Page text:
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Unemployment among Hispanics grows to 4.9% in January

 The unemployment rate among Hispanics grew from 4.4% in December to 4.9% in January, a month in which 304,000 new jobs were created throughout the country.

The rise in the unemployment rate among Hispanics was somewhat higher than the national rate, which went from 3.9% to 4%, which, despite the increase in the figure, represented as a whole a new sample of the strength of the national economy .

The job creation data released today by the Government practically doubled the expectations of analysts who had predicted the creation of 172,000 new jobs.

The average salary, in turn, rose in January by 0.03 dollars per hour, to 27.56 dollars, in the framework of the sustained trend.

In the last 12 months, salaries have increased by 3.2%, slightly below the accumulated last month, which registered a rise of 3.3%.

On the other hand, the labor force participation rate, that is, the proportion of citizens who are employed or looking for a job, went up from 63.1% in December to the current 63.2%.

This has been the 100th month in which employment grows consecutively, the longest bonanza in the labor market that has been recorded.

The data has an even more positive reading given that it occurred after the partial administrative closure of the federal government that took place between December and January, and that lasted more than a month, at a time when signs of slowdown are beginning to be perceived. other indicators.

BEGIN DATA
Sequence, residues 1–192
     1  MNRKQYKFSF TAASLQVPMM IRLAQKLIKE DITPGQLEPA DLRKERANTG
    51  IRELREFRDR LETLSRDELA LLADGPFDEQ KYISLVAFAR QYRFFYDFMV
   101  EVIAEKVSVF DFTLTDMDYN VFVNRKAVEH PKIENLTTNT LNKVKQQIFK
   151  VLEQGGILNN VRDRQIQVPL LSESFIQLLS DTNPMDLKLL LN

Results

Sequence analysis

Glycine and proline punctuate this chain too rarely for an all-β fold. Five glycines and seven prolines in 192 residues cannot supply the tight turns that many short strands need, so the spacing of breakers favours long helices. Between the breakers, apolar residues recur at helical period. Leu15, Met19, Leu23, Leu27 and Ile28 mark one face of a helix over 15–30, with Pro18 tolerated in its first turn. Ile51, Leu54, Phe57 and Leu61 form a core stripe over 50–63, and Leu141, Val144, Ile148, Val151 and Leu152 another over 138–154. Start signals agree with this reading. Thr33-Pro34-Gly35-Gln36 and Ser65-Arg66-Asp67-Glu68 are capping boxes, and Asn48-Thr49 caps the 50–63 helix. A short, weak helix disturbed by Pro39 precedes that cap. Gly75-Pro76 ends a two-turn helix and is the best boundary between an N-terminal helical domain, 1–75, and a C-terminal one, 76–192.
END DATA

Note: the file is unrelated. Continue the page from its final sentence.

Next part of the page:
“Of course, the economy has slowed, and that will undoubtedly appear in other data that will come soon, but the next job market being a bright area,” said Jim Baird, chief investment officer at Plante Moran Financial Advisors, in a note to customers.

Baird stressed that “entrepreneurs continue to hire at a strong pace” and “that’s good news for the consumer sector, and ultimately for the economy as well.”

The unemployment report ends an economic week in which the Federal Reserve (Fed) held its first monetary policy meeting of the year, in which it indicated that it had touched the pause button in the gradual rise in interest rates, which are maintained between 2.25% and 2.50%.

“In the light of global economic and financial events and contained inflationary pressures, the committee will be patient as it determines future adjustments in the range of interest rates that may be appropriate,” the Fed statement said at the end of the week. of your two-day meeting.

Next, the president of the central bank, Jerome Powell, remarked that “the argument to continue with the monetary adjustment has been weakened”.

“Common sense recommends patience,” he told a news conference after the meeting.

Powell rejected that there are signs of recession on the horizon and reiterated that the country is in “good economic shape.”

The president of the Fed did recognize, however, that there are “countercurrents”, as a result of the global weakness and political uncertainty in the country, which will have “to live for a while.”

After knowing the unemployment report, Wall Street opened this Friday in mixed terrain and the Industrial Dow Jones, its main indicator, rose mid-morning 0.47%.

In mid-February, we will know the first estimate of the evolution of the Gross Domestic Product (GDP) in the last quarter of last year and the accumulated of 2018.

The latest projections from the Fed place the growth rate for 2018 at 3%, and a subsequent slowdown in 2019 at 2.3%. (EFEUSA) .-

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